If you have an active line of credit, be forewarned. You may have the rug yanked out from under you, and be in for a tumble. Tens of thousands of homeowners with home equity lines of credit (HELOCs) are starting to feel the impact of the mortgage meltdown. Like a grouchy bear unexpectedly awakened during winter hibernation, this development has reared its ugly head within the ailing real estate market.
Pulling the HELOC plug
Now, lenders are sending notices to scores of customers, informing them that they need to stop borrowing money against their HELOCs. Home prices have dipped so far down, the collateral that houses represent to lenders no longer exists. As a result, lines of credit have evaporated into thin air. But Americans have recently gotten into the habit of relying on their real estate as a cushion against any financial setback. As the economy has slowed, withdrawals against home equity have quickened.
Home equity not a personal ATM
Many economists and business journalists have been referring to houses as ATM machines; but now, the ATMs are getting unplugged. For many homeowners, the tightening of credit could not have come at a more challenging time. Tens of thousands are fighting off delinquency and foreclosure, thanks to vital cash flow from home equity loans and lines of credit. Their experience now is like getting stranded in a foreign country on a vacation with a cancelled credit card, and no cash to tide them over until they return.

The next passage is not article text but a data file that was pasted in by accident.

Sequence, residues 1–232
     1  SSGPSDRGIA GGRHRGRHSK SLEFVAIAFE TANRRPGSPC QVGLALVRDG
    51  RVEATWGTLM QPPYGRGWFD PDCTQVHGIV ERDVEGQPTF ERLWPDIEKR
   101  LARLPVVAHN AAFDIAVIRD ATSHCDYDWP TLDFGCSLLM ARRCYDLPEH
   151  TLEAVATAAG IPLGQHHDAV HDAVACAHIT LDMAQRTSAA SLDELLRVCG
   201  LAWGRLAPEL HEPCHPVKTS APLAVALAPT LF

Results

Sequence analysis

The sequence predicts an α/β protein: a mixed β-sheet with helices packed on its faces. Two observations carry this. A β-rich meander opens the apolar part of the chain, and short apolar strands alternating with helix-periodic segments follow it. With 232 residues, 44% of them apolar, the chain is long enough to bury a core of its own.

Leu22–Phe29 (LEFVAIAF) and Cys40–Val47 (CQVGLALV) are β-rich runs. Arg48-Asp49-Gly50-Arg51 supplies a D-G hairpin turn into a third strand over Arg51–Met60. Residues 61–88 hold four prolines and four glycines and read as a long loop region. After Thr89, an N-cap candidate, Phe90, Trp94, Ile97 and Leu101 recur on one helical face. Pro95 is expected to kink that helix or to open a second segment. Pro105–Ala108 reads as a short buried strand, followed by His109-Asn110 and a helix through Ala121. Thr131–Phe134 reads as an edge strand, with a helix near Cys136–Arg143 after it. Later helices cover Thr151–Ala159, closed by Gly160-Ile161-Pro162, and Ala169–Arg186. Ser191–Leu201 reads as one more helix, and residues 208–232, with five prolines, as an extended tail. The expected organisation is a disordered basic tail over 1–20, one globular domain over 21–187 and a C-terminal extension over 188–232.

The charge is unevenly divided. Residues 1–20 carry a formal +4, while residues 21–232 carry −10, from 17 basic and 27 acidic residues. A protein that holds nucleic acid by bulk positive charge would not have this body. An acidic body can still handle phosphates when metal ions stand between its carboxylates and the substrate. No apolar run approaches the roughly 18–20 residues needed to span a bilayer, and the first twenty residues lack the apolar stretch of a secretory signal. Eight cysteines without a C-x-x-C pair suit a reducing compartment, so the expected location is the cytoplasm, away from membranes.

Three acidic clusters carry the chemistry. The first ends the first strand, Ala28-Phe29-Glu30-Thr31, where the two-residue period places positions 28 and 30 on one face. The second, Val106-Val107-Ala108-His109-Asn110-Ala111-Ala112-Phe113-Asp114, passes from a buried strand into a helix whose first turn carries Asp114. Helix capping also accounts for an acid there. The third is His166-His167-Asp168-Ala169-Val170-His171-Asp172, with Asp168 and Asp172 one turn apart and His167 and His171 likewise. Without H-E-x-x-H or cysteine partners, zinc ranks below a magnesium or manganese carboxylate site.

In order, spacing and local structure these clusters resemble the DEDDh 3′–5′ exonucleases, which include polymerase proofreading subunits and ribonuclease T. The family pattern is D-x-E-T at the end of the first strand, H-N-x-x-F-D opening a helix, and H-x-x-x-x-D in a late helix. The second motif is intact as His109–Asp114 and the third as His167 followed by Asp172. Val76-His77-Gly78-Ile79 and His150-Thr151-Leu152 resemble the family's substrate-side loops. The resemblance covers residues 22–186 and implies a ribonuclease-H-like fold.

In this case, the vacation started when real estate inflation creating an overabundance of overnight wealth-at least on paper. But now that the bubble has burst and the subprime mortgage sector has gone down in flames, paper millionaires have morphed into real life paupers. Just as unrealized gains in the stock market can be erased by a single day's drop, real estate wealth based on appraised market value can also get wiped out as a bubble bursts. Homeowners are left out in the cold with their credit frozen by overcautious lenders trying to rein in the imaginary riches.
Countrywide Financial sent about 120,000 letters to customers in January, letting them know that they can no longer borrow against their HELOCs. Similar actions have been taken by other lenders, including Texas-based USAA Federal Savings Bank. The cutbacks affect a variety of home equity loans or second mortgages, and also mean that some institutions may curtail or even suspend issuance of new lines of credit. Chase Home Lending, a subsidiary of gigantic JP Morgan Chase & Co., for instance, will soon impose new restrictions regarding which customers qualify for a line of credit. In some of its jurisdictions, Chase has already dropped the loan to value limits on equity loans by 5 percent from previous levels.